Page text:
Tomase: In defense of Bill James, who's actually on Eck's side when it comes to Frank Robinson

John Tomase
February 08, 2019 - 12:02 pm

Was the death of a beloved Hall of Famer the right time to grind an axe about your hatred of baseball's most polarizing stat?

If you're Bill James, of course it was!

The father of Sabermetrics and a long-time advisor to the Red Sox, James found himself on the receiving end of an even more beloved Hall of Famer's ire when he posted the following about the late Frank Robinson on Thursday:

"By the way, Baseball Reference WAR insists that the most valuable player in the AL in 1966 was not Frank Robinson, but Earl Wilson, a pitcher who was 18-12 with a 3.43 ERA, one point better than the league ERA of 3.44. Look it up. No offense; just thought I would mention it."

Outgoing and personable Red Sox color man Dennis Eckersley, who's as close to a broadcast saint as we have in these parts, responded succinctly.

"Shut up," he tweeted.

It's easy to see what Eckersley saw -- a famed stat-head using Robinson's death to sanctimoniously declare the 1966 Triple Crown winner didn't actually deserve the MVP. This became a big deal, and so James subsequently deleted the tweet and apologized.

But Eck and others would be surprised to learn that he's actually on their team.

Bill James hates WAR about as much as any fan who believes a hitter's contributions can be summed up by average, homers, and RBIs alone. He started a civil war in the analytics community after the 2017 MVP Award went to Houston's Jose Altuve by noting that the actual WAR leader -- New York's Aaron Judge -- was nowhere near as valuable as Altuve and shouldn't have received the consideration that he did.

The whole debate over wins above replacement can get wonky, but James' objection boils down to this: WAR totals do not correlate to actual wins. The 2017 Yankees won 91 games, but Judge was given credit for contributing to 100 of them, because that's what New York's run-differential predicted it "should" have won.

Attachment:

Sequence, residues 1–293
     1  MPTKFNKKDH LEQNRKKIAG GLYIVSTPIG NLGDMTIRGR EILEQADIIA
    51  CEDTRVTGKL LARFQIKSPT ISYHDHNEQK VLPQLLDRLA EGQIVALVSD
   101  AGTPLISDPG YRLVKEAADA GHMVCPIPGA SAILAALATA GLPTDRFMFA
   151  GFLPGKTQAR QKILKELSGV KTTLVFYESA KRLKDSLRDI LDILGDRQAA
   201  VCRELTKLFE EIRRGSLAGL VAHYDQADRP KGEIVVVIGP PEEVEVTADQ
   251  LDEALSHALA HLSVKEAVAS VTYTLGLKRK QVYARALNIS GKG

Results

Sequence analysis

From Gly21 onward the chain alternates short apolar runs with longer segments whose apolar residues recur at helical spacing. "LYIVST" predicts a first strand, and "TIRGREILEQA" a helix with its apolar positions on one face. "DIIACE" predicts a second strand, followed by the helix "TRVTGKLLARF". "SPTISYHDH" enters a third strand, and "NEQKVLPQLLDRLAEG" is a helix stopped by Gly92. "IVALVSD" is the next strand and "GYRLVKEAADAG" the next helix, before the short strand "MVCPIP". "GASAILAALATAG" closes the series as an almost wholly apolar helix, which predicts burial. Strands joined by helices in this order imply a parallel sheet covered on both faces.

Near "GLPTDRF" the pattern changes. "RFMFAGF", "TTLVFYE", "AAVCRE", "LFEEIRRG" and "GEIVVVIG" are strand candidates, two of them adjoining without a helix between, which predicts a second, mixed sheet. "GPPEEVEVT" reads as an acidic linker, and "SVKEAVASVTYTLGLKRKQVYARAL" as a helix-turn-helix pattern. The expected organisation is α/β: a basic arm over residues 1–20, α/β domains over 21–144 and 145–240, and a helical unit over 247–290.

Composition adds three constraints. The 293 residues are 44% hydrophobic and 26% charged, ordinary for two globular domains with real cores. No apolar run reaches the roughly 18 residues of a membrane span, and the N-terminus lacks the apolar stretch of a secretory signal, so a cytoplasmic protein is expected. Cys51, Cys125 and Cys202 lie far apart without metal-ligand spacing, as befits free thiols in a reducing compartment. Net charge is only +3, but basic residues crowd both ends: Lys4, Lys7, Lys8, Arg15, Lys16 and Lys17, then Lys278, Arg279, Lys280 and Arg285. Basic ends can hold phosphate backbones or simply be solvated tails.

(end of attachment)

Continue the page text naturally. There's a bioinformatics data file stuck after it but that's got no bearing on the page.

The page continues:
(Irony alert: That relation of runs scored and runs allowed to winning percentage is called Pythagorean wins, and James invented it decades ago because he recognized it better predicted future success than actual winning percentage).

I'm assuming Eckersley is no great fan of WAR, but guess what? Neither is Bill James! They would very much be wearing the same jersey on that debate stage.

"I am not saying that WAR is a bad statistic or a useless statistic, but it is not a perfect statistic, and in this particular case it is just dead wrong," James wrote of Judge vs. Altuve. "It is dead wrong because the creators of that statistic have severed the connection between performance statistics and wins, thus undermining their analysis."

As for the idea that it's somehow distasteful to make this aside on the day of Robinson's death ("I don't think it's the time to debate whether he deserved the MVP," WEEI's Lou Merloni tweeted, for instance), spare me. James didn't impugn Robinson's character, and he certainly didn't disparage his legacy. He simply noted that the favored stat of too many blindly devoted analysts would've given the MVP to a clearly undeserving player. That he chose to do so on a day when Robinson's name was in the news is how this works.

(Another aside: James needs to doublecheck his math. Wilson went 18-11 in 1966 between Detroit and Boston with a 3.07 ERA, not 18-12, 3.43. He also blasted a career-high seven homers with a .799 OPS. Not bad for a pitcher, but still not MVP.)

"My point about Robby, of course, is that he was a very great player, and the statistical wrinkle which suggests that he was NOT the MVP in league in '66 needs to be fixed," James tweeted after the furor erupted. "I'm sure that those of you who actually follow me got the point."

Some fans hear James' name and contort their faces like they're trudging through a field of the ripest manure. He has spent his career telling them everything they know about baseball is wrong, and they resent it.

This is not one of those times. He meant no disrespect to Robinson's memory or Eck or our very own Framingham Lou. Quite the opposite.

He's on their side.